Why Vegan?

Veganism may be defined as a way of living which seeks to exclude, as far as possible and practical, all forms of exploitation of, and cruelty to, animals for food, clothing or any other purpose.

In dietary terms it refers to the practice of dispensing with all animal produce - including meat, fish, poultry, eggs, animal milks, honey, and their derivatives.

Abhorrence of the cruel practices inherent in dairy, livestock and poultry farming is probably the single most common reason for the adoption of veganism, but many people are drawn to it for health, ecological, spiritual and other reasons.

“Land, energy and water resources for livestock agriculture range anywhere from 10 to 1000 times greater than those necessary to produce an equivalent amount of plant foods. And livestock agriculture does not merely use these resources, it depletes them. This is a matter of historical record. Most of the world’s soil, erosion, groundwater depletion, and deforestation – factors now threatening the very basis of our food system – are the result of this particularly destructive form of food production” (Keith Akers, p. 81, “A VEGETARIAN SOURCEBOOK”, 1989).

Here you describe who are vegans and nothing on why one should become vegan…

being vegan is an ethical choice, built upon compassion, equality, peace and purpose. As vegans we view animals as sentient beings, able to suffer and feel pain, and therefore should be treated with equal moral respect.

Section 1: The Ethical Choice

Chew On This


Thank you dragonfly. :slight_smile:

There are many reasons why to become vegan, health reasons, economic reasons, world hunger, religion, environmental concerns.
But one of the most robust cause is compassion, the attempt to lessen the suffering of other life beings.

I am a philosopher by trade, and I can’t help but notice a couple of arguments here that are wildly pervasive when these kinds of questions come up, but which I don’t believe are sound.

First, you made that argument that there is a net energy loss when animals are fed plant material. So the argument might go something like this:

  1. Animals require at least 15 times the number of calories in terms of feed than they produce for human consumption.
  2. If (1) then (3)
  3. Raising animals for human consumption is inefficient.
  4. Hence, we should abstain from raising animals for human consumption.

It’s valid, but I don’t think it’s sound. Premise two looks pretty bad to me. There’s no denying premise one, because all animals [including us] require more calories to subsist than we produce in terms of flesh. When calculating the food requirements of an animal, one must include the Resting Metabolic Rate [RMR], the Thermic Effect of Food [TEF], the Non-Exercise Activity Thermogenesis [NEAT], and the Exercise Related Activity Thermogenesis [ERAT]. Only when the incoming calories exceed the sum of these requirements does the animal gain mass. Put simpler, the animal has these four components, all of which obliterate the calories from the vegetative matter. Allegedly, these calories could go to e.g. cure world hunger…I don’t buy it. First, it seems odd to abhor the supremely disgusting grade of grains they feed to the animals, but then turn around and assert that they’re plenty good for African children – how absurd. Further, the second premise could only potentially get off the ground if we held fixed that grains [or some other food useful for human consumption] were the only thing to feed animals. But this is strictly unrealistic. In fact, cattle are designed by nature to process perennial grasses. They are ruminants. Can people eat perennial grasses? I suppose they could, but they wouldn’t get the same nutritional value from it that they would from the animal that grazed on it. Further, intestinal damage is almost certain to result from trying to eat forage nature intended for ruminants. So what’s the verdict on the argument? It gives us at least one good reason to think that feeding grain to cattle is wrong, but we’re a far cry from demonstrating that eating animals is an inefficient behavior.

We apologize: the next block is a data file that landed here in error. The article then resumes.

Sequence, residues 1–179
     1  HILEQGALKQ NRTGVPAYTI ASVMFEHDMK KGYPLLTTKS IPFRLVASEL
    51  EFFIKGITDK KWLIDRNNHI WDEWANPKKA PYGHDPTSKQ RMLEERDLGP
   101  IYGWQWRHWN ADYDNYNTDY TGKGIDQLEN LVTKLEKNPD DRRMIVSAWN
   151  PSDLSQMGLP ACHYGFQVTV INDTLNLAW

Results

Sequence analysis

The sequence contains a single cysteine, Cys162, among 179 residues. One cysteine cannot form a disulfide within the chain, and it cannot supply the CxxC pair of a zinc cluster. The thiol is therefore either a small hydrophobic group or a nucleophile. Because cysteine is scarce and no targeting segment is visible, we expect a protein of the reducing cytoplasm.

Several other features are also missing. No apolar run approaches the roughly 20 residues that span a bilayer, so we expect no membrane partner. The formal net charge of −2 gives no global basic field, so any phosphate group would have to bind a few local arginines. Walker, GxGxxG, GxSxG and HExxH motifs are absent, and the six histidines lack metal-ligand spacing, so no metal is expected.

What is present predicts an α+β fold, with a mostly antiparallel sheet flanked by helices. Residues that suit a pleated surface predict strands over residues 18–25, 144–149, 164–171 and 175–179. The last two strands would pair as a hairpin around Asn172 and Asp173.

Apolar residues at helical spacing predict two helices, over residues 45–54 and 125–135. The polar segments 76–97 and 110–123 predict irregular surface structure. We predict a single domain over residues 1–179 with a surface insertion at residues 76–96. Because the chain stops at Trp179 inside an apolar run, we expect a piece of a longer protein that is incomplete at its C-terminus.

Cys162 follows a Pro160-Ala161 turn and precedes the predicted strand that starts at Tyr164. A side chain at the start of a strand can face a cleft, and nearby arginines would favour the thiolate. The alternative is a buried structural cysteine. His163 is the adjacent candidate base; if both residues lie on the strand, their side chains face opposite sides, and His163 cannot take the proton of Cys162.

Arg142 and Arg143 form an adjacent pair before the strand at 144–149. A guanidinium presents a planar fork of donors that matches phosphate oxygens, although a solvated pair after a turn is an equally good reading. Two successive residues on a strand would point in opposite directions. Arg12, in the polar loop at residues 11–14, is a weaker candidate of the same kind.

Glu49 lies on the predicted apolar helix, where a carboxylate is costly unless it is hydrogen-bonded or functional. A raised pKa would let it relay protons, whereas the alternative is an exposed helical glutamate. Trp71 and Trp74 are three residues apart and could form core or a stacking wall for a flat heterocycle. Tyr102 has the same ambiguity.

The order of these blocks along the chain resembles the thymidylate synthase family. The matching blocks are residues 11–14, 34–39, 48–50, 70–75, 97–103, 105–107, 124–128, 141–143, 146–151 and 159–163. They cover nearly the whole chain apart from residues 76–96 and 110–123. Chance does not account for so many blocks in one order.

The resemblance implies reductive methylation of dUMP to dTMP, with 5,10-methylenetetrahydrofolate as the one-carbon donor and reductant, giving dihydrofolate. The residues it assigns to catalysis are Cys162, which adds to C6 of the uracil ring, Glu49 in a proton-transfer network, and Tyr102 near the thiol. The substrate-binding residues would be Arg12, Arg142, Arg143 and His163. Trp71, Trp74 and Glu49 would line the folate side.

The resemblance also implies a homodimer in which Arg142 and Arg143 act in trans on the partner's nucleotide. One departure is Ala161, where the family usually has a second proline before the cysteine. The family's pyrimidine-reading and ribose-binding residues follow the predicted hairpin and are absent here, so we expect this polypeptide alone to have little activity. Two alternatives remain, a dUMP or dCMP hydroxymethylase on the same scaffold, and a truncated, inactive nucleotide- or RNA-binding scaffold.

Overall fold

The other argument is that using animals in agriculture inevitably entails soil degradation and the like. This is just not the case. In nature, animal droppings decompose and are used as fertilizers. Additionally, when say a cow chomps off the grass at about the halfway point as is their custom, the roots do something very interesting: they sever at a node such that the root-length becomes approximately equal to the blade-length. This is sometimes called the “root-shoot-ratio.” The severed portions of the roots become food for the worms, who do a wonderful job at creating a rich compost, thereby improving the quality of the soil over time. This is, by the way, the very same process that makes ALL grass-eaters beneficial to the soil. While I would not disagree that soil degradation is one of the most serious ecological and agricultural problems we have created in the twentieth century, I just don’t think that the evidence shows that animal husbandry is the culprit. I would argue that the wanton destruction of mycorrizal fungi has more to do with soil erosion than animals do by a long shot. I also think that nutrient runoff is a product of farmers’ using batch fertilizers rather than testing the soil to see what is needed and what will simply seep through. If a farmer can buy a bag of synthetic fertilizer that will coat two acres and ensure that every major nutrient and mineral need is satisfied, then why would he bother doing soil tests and buying specific products that usually end up costing more in the long run? It’s usually a problem of short-sightedness: it may indeed be cheaper in the short run to buy the synthetic fertilizer, but in the long run something like subterranean fungi may replenish the nutrients more efficiently, and do so at a reduced overall cost.

I see no problem with condemning contemporary agricultural practices, but to suggest that keeping animals for food is the culprit for our problems simply has not been well argued for.